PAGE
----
The point is: too many unmarried new parents either pay no attention to the new baby (as in, the single mom phenomenon) or the new moms and dads don’t have staying power—roughly half of new moms and dads have gone their separate ways by the time the unfortunate kid reaches the age of 5.

And here’s another devastating fact: 60 percent of kids born out of wedlock are “surprises”—the parents didn’t intend to have these unfortunate babies. That’s about 1,000,000 children, every year, brought into this largely unforgiving world with a couple strikes against them before they take their first breath.

This is a problem for all of us. These kids don’t get started on the right foot, and too many of them end up taking too many wrong steps during their lives, and too many of them never get enough traction to live a happy life.

We need to have a stronger private and public will to avoid making babies until both parents are ready make an enduring commitment to change all the diapers and read the bedtime stories and run behind the bikes with training wheels and….

Friday, September 19, 2014

The wisdom of Will Rogers (part 4)

I don't make jokes. I just watch the government
                and report the facts.

You know, 90 years ago this might have been a little funny….

Tuesday, September 16, 2014

The wisdom of Artemus Ward

“It ain’t so much the things we don’t know that get us in trouble. 
        It’s the things we know that ain’t so.”

Charles Farrar Browne aka Artemus Ward (1834-1867)

Good old Artemus really nailed this one.

Other folks have said much the same thing: it’s the things we know that aren’t true that are the most troublesome.

Take a minute: sure, you’re pretty smart, but can’t you admit that there’s at least something you think you know for sure, that might be a bit sketchy?

Think it over….check yourself out on that one.

p.s. in some ways, Browne/Ward was the Will Rogers of the 19th century, he had a real knack for drilling down to the basics, with some exotic misspelling, as in:

“The Puritans nobly fled from a land of despotism to a land of freedim, where they could not only enjoy their own religion, but could prevent everybody else from enjoyin’ his.”


Sunday, September 14, 2014

Readin’, writin’, ‘rithmetic….a little history

American schools have been around since the Boston Latin School was opened in 1635.

Yet, what we think of today as public education, K-12, hasn’t been around all that long.

In 1644 the Dedham (MA) town meeting established the first tax-supported public school. Of course, it was for boys only. For long decades, girls might learn to read (so they could read the Bible, for instance), but it wasn’t thought important for them to be able to write or do their ciphers.

One-room school, rural Oklahoma, early 1900s

In New England, in the 18th century, “common schools” were established, mostly in the form of one-room schoolhouses for students, who often paid a fee to the teacher.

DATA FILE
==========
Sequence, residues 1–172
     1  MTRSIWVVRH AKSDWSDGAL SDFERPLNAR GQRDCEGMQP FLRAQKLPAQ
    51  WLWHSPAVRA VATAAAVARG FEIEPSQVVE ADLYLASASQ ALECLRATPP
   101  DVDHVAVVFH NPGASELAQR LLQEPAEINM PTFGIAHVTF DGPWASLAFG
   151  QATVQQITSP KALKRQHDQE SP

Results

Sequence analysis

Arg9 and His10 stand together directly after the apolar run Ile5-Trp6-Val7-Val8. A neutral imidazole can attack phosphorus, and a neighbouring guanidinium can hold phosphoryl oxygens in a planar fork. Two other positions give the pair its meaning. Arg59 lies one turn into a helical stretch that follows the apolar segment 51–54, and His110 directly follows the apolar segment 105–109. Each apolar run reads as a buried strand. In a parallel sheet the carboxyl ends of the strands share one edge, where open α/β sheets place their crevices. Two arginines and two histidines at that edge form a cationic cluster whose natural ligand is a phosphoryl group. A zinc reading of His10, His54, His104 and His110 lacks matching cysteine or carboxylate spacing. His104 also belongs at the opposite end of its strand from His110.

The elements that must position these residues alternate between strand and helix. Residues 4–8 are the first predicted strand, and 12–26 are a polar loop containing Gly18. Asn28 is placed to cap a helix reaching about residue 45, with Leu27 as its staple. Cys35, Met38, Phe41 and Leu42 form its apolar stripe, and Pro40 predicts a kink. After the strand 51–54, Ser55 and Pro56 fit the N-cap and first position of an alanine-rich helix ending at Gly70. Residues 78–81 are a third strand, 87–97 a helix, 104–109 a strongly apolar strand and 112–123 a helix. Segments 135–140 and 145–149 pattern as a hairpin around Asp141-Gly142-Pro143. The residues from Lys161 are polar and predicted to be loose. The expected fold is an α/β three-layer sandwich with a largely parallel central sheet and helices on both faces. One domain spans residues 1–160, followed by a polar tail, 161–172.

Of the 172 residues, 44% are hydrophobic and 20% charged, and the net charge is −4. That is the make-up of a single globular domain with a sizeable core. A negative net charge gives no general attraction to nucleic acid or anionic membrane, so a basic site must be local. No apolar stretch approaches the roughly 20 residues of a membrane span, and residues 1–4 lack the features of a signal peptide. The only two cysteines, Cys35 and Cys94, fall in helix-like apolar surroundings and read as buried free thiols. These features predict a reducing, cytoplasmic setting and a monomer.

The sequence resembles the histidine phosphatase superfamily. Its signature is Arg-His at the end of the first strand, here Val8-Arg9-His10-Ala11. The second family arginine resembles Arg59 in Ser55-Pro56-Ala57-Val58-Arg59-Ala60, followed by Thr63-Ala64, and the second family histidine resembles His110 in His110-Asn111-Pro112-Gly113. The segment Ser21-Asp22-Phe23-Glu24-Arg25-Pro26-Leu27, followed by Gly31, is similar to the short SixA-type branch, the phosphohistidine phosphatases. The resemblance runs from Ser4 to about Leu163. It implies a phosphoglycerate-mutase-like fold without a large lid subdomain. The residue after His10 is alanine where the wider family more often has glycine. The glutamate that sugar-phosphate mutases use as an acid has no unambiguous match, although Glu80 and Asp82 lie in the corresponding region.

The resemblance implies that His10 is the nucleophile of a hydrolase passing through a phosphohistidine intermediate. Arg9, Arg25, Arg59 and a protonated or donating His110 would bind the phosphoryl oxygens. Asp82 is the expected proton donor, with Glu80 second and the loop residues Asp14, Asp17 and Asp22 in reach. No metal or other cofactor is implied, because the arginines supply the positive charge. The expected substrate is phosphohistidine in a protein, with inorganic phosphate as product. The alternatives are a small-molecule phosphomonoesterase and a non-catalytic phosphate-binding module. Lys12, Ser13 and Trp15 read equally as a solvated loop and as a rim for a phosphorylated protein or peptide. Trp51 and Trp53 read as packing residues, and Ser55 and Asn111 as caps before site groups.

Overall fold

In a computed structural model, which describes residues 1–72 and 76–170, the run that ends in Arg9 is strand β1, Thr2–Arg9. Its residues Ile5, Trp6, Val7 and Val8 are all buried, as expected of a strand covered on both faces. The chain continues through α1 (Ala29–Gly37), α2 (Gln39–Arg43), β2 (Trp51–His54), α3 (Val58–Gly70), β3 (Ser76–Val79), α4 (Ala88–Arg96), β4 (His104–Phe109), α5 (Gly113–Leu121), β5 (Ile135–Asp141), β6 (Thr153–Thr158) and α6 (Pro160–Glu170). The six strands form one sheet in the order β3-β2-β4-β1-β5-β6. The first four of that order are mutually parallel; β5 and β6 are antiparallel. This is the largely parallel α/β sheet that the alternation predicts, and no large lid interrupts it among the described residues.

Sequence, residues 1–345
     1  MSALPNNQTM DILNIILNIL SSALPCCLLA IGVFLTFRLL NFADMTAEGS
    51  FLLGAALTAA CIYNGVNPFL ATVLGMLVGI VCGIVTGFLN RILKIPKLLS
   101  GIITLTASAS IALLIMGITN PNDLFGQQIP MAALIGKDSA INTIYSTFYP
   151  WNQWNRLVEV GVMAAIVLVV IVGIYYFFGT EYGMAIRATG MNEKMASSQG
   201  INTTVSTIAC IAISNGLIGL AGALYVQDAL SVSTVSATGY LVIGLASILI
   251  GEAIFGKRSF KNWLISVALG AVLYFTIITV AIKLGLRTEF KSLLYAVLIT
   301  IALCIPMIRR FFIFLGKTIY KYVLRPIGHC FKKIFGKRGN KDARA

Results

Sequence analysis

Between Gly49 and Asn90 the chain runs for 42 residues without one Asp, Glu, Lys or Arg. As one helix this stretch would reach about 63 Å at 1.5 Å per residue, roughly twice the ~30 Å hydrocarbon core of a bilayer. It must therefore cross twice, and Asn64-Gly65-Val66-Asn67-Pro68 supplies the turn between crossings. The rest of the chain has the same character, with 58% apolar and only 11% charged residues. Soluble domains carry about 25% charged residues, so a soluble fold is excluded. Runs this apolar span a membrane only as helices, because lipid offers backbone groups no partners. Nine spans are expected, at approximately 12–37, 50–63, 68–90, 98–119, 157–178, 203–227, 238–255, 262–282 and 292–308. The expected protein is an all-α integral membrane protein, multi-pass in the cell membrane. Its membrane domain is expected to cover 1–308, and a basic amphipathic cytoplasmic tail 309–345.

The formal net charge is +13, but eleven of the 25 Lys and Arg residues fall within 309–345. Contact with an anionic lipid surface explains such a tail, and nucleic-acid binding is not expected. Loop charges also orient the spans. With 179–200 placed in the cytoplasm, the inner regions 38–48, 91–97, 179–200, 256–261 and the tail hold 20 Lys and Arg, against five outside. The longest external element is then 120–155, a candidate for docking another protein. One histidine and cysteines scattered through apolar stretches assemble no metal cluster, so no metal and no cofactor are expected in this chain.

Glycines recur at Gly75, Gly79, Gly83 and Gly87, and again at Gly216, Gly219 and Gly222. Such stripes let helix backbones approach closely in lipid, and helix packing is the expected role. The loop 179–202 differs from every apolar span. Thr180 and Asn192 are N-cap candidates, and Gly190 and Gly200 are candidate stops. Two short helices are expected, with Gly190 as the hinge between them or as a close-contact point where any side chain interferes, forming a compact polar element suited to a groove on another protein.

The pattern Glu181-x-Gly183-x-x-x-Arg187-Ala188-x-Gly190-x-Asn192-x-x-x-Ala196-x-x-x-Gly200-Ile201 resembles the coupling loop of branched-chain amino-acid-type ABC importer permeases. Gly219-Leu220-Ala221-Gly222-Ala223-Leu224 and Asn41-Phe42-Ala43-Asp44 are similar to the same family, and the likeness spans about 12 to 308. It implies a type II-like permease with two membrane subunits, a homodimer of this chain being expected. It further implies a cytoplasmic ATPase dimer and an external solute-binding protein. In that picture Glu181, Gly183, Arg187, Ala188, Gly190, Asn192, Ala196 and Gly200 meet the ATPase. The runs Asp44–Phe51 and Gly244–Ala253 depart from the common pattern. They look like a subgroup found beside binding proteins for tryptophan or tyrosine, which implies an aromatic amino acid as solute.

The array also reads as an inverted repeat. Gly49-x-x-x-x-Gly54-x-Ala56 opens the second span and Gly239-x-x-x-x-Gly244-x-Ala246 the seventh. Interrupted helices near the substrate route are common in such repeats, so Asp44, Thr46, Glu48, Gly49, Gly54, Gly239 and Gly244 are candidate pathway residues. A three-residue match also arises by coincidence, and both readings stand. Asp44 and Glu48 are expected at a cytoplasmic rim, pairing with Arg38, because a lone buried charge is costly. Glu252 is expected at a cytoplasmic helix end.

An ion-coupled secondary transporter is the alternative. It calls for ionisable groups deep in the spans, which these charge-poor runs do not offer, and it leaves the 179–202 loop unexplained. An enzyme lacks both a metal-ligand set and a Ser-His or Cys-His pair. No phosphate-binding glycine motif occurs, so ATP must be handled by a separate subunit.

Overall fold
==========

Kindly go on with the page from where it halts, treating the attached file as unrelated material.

For most kids, the development of reading, writing and math skills was mostly a family concern until about the middle of the 19th century. By that time, public education and public high schools were becoming common, and attendance was in the process of being made mandatory.

What was taught in this evolution of schools was largely a local concern, often tied to the training and interests of the teacher.

It wasn’t until the early 1900s that a nationwide standardized curriculum was established, mandating roughly the same array of classes that students are taking today: mathematics, English, science and history.

I guess you could say we’ve come a long way, baby….but I guess that Americans have never been less proud of our public education than we are today.

I wonder what an 18th century schoolmarm would have thought about the Common Core standards?

My guess is that she probably wasn’t giving passing grades to students who just weren’t getting it….that seems like the bottom line to me.

Saturday, September 13, 2014

What’s trump?

                                                  On the beautiful

                                                     beach, rich surf sound, zephyrs….all

                                                        trumped by her cell phone.

                                                  Narragansett, RI

Friday, September 12, 2014

Congress is letting Americans get poorer

Maybe things are looking good for you, economically, job-wise, income-wise….

For the more than 160 million Americans at the bottom half of the economic scale, it’s mostly bad news:

The Federal Reserve released data this week showing that, for the poorest half of Americans with the lowest wages/incomes, actual wages FELL by 5 per cent between 2010 and 2013. It’s detailed here on

Yeah, there’s been a nationwide economic recovery going on since 2009—slowly and unevenly, although pretty steady—but not for everyone.

Trouble is, the recovery isn’t boosting the economic situation for all those millions at the bottom end of the scale.

One explanation: Congress hasn’t done much of anything in the last five years to boost growth in our national economy and help create jobs for millions of Americans who want to work.

Shame on the Republicans and Democrats for maintaining a political standoff in Washington, and not doing anything else that could be described as governing the country.

Why do we keep re-electing the people who won’t do The People’s work?

Thursday, September 11, 2014

Book review: Harriet Beecher Stowe: A Spiritual Life

Book review: Harriet Beecher Stowe: A Spiritual Life